This book charts the eccentric career of William Palmer of Magdalen, the only member of the Oxford Movement to take a serious interest in the Orthodox Church. Ordained an Anglican deacon, Palmer was destined for a conventional life as a classics don at Oxford, but in 1840 and 1842 he travelled to Russia to seek communion from the Russian Orthodox Church, on the basis that the Anglican Church was part of the Catholic and Apostolic Church world-wide. Despite their personal regard for him, the Russians remained unconvinced by his arguments, not least because of the actions of the Anglican hierarchy in forming alliances with other Protestant bodies. Palmer for his part exposed the logical inconsistencies in the claim of the Orthodox to be the one true church.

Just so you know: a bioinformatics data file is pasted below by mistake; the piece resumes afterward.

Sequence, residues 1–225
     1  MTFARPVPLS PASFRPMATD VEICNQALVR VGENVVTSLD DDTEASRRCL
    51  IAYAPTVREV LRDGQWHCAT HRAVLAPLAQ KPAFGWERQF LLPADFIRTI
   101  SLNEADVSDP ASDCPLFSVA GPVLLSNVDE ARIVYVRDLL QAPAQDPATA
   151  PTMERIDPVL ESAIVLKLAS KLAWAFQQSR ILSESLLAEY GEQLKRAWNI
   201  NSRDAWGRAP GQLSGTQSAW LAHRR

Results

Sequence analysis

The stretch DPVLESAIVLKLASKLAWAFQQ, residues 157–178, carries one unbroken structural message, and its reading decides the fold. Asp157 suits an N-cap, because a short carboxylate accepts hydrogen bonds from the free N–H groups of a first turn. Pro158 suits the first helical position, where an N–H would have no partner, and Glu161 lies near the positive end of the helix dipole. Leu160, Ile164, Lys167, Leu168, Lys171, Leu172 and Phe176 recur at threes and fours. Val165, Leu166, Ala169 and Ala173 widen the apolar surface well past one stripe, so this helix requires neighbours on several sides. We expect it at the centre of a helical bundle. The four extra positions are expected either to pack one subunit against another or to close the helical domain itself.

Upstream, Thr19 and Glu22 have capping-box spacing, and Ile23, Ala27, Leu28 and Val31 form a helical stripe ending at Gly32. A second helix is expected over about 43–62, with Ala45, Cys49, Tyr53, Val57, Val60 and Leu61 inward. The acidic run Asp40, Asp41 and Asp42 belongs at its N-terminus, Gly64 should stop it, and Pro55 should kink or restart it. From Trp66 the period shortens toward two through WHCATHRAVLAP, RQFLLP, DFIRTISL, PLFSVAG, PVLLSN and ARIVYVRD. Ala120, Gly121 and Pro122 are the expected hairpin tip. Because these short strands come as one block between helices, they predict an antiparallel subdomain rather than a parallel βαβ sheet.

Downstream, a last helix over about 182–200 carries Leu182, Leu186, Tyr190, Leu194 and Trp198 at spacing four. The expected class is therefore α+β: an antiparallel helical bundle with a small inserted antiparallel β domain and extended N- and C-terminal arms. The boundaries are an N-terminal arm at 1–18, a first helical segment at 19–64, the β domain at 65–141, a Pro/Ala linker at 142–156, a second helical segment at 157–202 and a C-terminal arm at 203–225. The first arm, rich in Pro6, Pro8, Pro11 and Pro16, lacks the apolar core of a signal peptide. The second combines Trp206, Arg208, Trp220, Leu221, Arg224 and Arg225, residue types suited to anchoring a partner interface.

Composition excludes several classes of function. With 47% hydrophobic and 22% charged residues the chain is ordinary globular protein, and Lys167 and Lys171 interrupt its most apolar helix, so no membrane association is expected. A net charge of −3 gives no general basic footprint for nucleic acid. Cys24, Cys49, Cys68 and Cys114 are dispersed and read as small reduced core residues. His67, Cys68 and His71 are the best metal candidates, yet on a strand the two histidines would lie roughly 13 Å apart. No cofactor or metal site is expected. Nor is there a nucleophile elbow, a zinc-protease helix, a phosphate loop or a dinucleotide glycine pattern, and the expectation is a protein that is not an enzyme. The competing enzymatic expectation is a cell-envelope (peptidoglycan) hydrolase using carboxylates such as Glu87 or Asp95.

Increasingly disillusioned with the Church of England, and finding himself without support from the Scottish Episcopal Church, Palmer was urged by his Russian friends such as Mouravieff and Khomiakoff to convert to Orthodoxy. However, he baulked at making the cultural leap from West to East, and could not accept the Orthodox inconsistency over rebaptism and chrismation. After some years in ecclesiastical limbo, he followed the example of his Oxford friends such as Newman, and was received into the Roman Catholic Church in Rome in 1855. He lived in Rome as a Catholic layman until his death in 1879.